Metropolenhaus at the jewish museum, Berlin
In the district of Friedrichshain-Kreuzberg, bfstudio-architekten realised a mixed-use building of a somewhat different kind.
The METROPOLENHAUS at the Jewish Museum sees itself as an integrative project, a place of encounter in a culturally mixed neighbourhood. Its ""active ground floor"" combines small shops, Middle Eastern gastronomy and the non-commercial project spaces of the cultural platform feldfünf. The latter were cross-financed through the sale of the commercial and residential units.
- Products: GROHE Blue Professional
- Country: Germany
- Location: Berlin
- Area Size: 10.309 m²
- Developer: METROPOLENHAUS am Jüdischen Museum GmbH & Co. KG
- Architects: bfstudio Partnerschaft von Architekten mbB Benita Braun-Feldweg & Matthias Muffert
- Construction Year: 2018
Photos in order of appearance by:
1. & 2. OSTKREUZ, 3. & 4. Werner Huthmacher, 5. OSTKREUZ
ARCHITECTURE WITH A MIXED-USE CONCEPT FOR THE COMMON GOOD
What can the house give to the neighbourhood and how can private property be put at the service of a lively neighbourhood? The METROPOLENHAUS answers these questions with an architecture that mediates between the urban scales - large to the square, small to the street - and with a mixed-use concept oriented towards the common good. On the site of the former wholesale flower market, the new six-storey building on the corner of Markgrafenstraße and Lindenstraße is itself part of the new arts and creative quarter and encounters a very heterogeneous environment both structurally and socially. Apart from the Jewish Museum opposite in the baroque Kollegienhaus and the striking Libeskind building, the backdrop is also characterised by high-rise buildings and apartment blocks from the 1970s and 1980s with neighbourhoods from different cultures, which the METROPOLENHAUS at the Jewish Museum counters with an open architecture.
Historical city as architectural reference
The building structure is based on the historic district of Friedrichsstadt, in the southern part of which today's Friedrichshain-Kreuzberg is located: Large block edges once enclosed the agriculturally used parcels in the interior of the block. The concept of corridors sets the scale for the design of the small-scale façade, which also communicates with the existing buildings. The plots divide the building and extend to the garden, where they develop into arcades and loggias that represent meeting zones for residents and tradespeople. Towards Museum Square, the façade contrasts between anthracite-coloured fibre cement façade elements and recessed light grey loggias. Floor-to-ceiling panorama windows provide insights into the anatomy of the building. Layers and levels become visible, staggered façades and transparent surfaces give an idea of the building's complexity. The use of perforated sheeting and louvres creates transparency and conveys an impression of the building's complexity. Towards the square, the METROPOLENHAUS opens up along the 67-metre-long edge of the square with the concept of the "active ground floor".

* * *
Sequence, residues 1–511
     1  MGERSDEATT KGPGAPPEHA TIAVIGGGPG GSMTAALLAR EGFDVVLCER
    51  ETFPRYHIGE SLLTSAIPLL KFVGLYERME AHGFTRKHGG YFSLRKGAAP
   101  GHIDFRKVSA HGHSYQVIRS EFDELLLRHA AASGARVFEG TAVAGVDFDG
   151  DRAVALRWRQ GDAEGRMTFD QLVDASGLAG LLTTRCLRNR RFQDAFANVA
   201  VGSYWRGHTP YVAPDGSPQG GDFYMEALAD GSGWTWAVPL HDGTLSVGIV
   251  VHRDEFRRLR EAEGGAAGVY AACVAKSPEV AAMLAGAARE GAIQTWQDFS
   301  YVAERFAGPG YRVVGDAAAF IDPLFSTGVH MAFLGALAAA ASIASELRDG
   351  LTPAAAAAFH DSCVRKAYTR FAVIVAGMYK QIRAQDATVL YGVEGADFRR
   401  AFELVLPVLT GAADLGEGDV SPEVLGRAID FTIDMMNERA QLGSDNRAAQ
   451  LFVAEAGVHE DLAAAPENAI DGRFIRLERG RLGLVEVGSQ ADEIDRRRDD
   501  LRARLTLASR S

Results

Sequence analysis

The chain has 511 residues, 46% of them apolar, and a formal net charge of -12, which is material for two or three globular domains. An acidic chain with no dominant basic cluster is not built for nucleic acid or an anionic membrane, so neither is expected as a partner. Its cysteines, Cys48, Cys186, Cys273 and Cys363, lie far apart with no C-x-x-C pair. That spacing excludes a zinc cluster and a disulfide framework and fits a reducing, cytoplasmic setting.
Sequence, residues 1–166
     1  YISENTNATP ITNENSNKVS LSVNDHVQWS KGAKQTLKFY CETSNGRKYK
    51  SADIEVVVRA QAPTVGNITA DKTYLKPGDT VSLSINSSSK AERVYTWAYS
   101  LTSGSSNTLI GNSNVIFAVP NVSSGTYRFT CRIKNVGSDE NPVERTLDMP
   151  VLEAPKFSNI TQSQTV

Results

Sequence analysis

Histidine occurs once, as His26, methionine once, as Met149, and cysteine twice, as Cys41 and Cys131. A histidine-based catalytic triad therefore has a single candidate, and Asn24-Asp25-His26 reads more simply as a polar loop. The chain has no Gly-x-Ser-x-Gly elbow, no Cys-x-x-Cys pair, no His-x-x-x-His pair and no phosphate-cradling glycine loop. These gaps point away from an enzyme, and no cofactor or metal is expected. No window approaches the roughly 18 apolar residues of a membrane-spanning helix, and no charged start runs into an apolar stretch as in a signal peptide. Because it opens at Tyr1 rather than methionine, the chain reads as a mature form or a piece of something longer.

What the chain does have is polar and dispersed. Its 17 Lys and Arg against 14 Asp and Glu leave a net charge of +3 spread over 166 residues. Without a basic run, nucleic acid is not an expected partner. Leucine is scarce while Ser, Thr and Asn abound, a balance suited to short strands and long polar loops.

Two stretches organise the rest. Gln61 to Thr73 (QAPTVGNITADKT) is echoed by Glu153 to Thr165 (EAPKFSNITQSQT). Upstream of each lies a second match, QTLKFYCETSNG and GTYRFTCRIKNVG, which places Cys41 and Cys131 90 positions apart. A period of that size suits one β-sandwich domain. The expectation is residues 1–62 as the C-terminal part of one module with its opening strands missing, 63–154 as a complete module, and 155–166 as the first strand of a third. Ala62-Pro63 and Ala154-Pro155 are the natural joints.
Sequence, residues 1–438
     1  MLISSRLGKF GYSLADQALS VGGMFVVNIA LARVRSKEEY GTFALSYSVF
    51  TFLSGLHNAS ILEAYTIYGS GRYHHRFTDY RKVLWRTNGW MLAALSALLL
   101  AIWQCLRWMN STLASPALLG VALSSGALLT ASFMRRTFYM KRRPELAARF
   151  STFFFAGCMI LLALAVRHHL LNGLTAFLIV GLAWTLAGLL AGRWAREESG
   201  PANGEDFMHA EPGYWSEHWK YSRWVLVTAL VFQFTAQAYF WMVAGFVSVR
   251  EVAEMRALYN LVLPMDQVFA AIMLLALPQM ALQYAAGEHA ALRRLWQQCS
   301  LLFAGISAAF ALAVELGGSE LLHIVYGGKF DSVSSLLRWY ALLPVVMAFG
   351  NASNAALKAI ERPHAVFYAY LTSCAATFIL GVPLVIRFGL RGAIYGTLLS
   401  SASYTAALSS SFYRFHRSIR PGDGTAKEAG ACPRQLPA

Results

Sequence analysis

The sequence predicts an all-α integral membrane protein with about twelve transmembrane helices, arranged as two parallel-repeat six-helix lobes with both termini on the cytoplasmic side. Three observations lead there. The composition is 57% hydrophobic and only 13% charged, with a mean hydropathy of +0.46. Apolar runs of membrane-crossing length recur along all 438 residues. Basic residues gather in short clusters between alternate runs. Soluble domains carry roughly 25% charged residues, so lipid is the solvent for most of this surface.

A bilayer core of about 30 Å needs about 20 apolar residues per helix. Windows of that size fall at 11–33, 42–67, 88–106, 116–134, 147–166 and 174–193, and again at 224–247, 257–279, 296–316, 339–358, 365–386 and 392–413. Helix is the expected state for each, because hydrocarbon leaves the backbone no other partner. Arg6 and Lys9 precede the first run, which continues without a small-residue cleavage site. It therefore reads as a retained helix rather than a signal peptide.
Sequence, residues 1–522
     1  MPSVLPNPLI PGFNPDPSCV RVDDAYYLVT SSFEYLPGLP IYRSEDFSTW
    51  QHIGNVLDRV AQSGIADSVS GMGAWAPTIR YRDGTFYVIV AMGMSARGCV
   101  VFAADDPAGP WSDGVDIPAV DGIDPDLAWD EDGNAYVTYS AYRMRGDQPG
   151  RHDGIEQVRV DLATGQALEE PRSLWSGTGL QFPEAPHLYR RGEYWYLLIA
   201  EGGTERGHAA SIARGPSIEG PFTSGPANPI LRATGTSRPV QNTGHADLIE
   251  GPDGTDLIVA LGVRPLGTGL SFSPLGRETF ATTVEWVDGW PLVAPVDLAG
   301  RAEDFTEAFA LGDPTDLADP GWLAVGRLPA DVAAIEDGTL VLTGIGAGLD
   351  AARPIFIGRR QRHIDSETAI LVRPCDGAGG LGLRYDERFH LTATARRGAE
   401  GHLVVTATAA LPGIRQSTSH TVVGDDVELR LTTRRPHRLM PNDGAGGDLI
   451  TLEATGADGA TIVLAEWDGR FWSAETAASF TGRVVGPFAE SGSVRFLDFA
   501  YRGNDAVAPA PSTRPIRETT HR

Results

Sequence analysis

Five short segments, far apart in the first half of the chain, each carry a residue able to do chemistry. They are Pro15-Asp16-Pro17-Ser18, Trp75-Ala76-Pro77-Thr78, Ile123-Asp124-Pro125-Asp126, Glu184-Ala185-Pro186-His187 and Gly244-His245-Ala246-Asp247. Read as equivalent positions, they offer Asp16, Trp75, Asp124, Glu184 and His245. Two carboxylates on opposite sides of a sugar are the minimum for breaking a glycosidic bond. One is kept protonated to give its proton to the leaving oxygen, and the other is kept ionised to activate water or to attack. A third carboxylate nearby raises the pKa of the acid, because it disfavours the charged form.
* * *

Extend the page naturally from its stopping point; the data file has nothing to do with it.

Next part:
Flexible space typologies for diverse living models
Five selected small shops (28 to 44 m²) have been established for the quarter on the other spaces on the ground floor, including an organic bakery and a hairdressing salon as well as a vintage fashion shop. At the end of 2021, a restaurant (270 m²) with an Israeli-Middle Eastern orientation is also scheduled to open. On the first two floors there is further commercial space for studios and ateliers. In addition, there and on the upper floors above are a total of 37 residential units, some of which are maisonettes and some flats, ranging in size from 90 to 180 m². It was important to bfstudio-architekten to create visual relationships between the residential and commercial units and their respective external surroundings, thematised by corresponding sloping positions of the floor plans. Thus the building layout directs the view on one side towards the lively Museum Square, and on the other towards the quiet city green, the Besselpark.